Source: The View From Great Island
Fall is the perfect time for long walks in the woods, apple picking and smoking cocktails. Yes, you got that right. If you can get your hands on some dry ice, you can shake up some spooky, “smoking” drinks just in time for Halloween.
But what exactly is dry ice and how do you go about using it in cocktails? Here’s everything you should know before using this mysterious element as a garnish.
What Is Dry Ice?
Dry ice is carbon dioxide in solid form. At an impressively low -109.3°F, it’s extremely cold and closely resembles normal ice cubes. However, dry ice may appear white as water vapor readily freezes onto the surface, much like it would on the inside of a freezer. Dry ice also sinks in water, unlike water ice.
As it sublimates, the dry ice will change from a solid directly into a gas. The gaseous carbon dioxide will then float to the top of the beverage and billow over the sides of the glass. A small cube of dry ice will continue to smoke for a few minutes before completely evaporating.
Since dry ice is incredibly cold, you must practice caution while handling it. Otherwise, you may risk burns and frostbite. Use leather gloves or a towel to protect your hands and never consume dry ice, as it can cause internal burns. You should also keep dry ice away from countertops, tile and kitchen backsplashes, as its extreme temperature can easily cause them to crack.
Because dry ice expands thermally over time and releases carbon dioxide, it’s essential to practice safety when storing and transporting it, too. Roll down your car windows when transporting dry ice and store it in an open area with good ventilation. Never place dry ice in a tightly sealed container or freezer, as the pressure from gas buildup may cause an explosion.
How to Use Dry Ice in Drinks
As dangerous as dry ice may sound, you can, in fact, use it in cocktails. Wrap the block of dry ice in a towel and place it on your counter. Then, use a hammer to gently break it apart into chunks. Use tongs to transfer the small pieces into an open container until guests arrive. When the cocktails are ready, simply drop a chunk or two into each glass and serve.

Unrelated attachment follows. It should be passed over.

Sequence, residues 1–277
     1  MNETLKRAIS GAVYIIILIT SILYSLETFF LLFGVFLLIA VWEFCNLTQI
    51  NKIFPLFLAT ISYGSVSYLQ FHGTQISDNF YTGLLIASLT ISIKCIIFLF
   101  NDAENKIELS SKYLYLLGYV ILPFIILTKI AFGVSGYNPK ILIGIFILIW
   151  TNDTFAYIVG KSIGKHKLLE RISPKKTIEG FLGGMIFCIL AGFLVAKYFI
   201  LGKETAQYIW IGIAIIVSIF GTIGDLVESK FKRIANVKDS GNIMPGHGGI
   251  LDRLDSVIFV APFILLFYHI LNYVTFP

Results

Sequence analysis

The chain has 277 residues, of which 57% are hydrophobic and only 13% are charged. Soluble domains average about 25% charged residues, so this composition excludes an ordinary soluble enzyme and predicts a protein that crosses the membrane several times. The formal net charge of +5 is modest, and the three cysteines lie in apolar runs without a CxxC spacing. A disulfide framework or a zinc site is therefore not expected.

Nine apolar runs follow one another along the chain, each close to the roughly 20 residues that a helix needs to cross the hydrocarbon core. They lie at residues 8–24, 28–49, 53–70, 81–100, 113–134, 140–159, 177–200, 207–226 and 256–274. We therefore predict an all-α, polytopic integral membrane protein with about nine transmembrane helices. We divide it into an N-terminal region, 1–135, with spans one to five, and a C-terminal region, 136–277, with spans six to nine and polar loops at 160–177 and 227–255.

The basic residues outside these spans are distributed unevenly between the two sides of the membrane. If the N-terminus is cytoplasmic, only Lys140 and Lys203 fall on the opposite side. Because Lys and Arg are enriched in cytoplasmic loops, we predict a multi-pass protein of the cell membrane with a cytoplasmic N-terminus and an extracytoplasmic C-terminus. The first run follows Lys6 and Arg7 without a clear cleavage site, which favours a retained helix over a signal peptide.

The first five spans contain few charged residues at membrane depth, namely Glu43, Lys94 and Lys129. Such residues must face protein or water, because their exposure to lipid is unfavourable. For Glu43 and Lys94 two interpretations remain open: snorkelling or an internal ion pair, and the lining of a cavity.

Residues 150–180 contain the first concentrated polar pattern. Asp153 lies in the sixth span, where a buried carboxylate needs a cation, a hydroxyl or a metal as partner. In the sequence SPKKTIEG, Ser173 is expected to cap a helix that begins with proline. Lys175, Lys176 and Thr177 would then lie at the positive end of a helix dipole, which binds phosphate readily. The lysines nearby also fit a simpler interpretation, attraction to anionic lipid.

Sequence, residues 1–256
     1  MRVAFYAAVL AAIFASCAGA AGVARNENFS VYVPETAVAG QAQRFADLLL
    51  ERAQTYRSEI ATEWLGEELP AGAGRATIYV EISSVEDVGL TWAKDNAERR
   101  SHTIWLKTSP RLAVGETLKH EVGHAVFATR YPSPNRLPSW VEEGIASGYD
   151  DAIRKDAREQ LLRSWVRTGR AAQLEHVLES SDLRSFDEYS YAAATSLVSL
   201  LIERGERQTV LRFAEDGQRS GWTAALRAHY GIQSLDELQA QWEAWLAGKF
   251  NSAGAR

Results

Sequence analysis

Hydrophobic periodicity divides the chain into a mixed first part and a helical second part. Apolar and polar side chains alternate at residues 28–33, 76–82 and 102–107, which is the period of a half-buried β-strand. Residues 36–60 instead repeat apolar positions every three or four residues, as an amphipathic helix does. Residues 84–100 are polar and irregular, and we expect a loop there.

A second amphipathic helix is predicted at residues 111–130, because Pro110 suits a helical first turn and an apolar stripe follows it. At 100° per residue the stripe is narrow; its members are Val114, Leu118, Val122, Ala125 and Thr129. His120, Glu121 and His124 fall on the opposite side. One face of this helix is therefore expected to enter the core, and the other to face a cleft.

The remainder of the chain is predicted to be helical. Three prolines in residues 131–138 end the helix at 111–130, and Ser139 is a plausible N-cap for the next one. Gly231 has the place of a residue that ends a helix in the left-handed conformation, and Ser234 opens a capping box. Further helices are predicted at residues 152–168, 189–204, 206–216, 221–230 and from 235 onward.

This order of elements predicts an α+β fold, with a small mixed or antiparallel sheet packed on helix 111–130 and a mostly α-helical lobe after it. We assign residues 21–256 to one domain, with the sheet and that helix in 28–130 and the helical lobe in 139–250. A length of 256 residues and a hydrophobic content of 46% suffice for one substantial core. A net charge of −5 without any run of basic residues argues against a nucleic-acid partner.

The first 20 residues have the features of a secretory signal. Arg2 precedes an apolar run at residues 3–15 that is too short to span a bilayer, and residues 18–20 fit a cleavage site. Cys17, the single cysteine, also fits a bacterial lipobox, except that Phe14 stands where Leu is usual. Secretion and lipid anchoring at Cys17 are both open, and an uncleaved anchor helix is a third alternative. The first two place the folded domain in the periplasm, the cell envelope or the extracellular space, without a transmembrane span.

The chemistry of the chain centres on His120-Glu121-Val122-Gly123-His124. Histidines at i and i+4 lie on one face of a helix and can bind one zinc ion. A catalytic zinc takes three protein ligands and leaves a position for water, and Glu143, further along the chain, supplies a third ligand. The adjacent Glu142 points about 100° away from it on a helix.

The ice will sink to the bottom of the glass so everyone can sip their drinks safely. Just be sure to remind guests not to eat the cube when they finish their drink.
Source: The Rose Table
Some Killer Smokey Cocktails
Dry ice carbonates beverages and increases their alkalinity, giving them a slightly acidic or sour flavor. Balance out the acidity with the perfect cocktail recipe. Here are a few that may inspire you:
Martini at Midnight
- 3 oz. vodka
- 1 oz. lime juice
- 1/2 oz. blue curacao
- 1/2 oz. grenadine
Shake up all the ingredients in a cocktail shaker and carefully strain into a martini glass. Toss in some dry ice and garnish with a blackberry.
- 2 oz. scotch
- 1/2 oz. fino sherry
- 1 oz. lemon juice
- 1/2 oz. simple syrup
- 1/2 oz. beet juice
Shake everything together in a shaker with ice. Strain into a rocks glass and add your dry ice for a seriously spooky beverage.
- 1/8 cup red wine
- 1/8 cup cola
Mix these two simple ingredients together, add a bit of gold lustre and a gold leaf, and drop in the dry ice. Serve immediately.
Dry Ice Disposal
After making the cocktails, be sure to dispose of any leftover dry ice safely. Wear protective clothing and gloves as you transport the remnants to a safe location outside. Set them in an open cooler to sublimate until no solids remain. A pound or two of dry ice should evaporate within a few hours, so be sure to check on your cooler periodically.
As you sip and mingle, remind your friends not to throw their glasses too far back. As long as they oblige, you’ll all have a fun, foggy, frightful evening.
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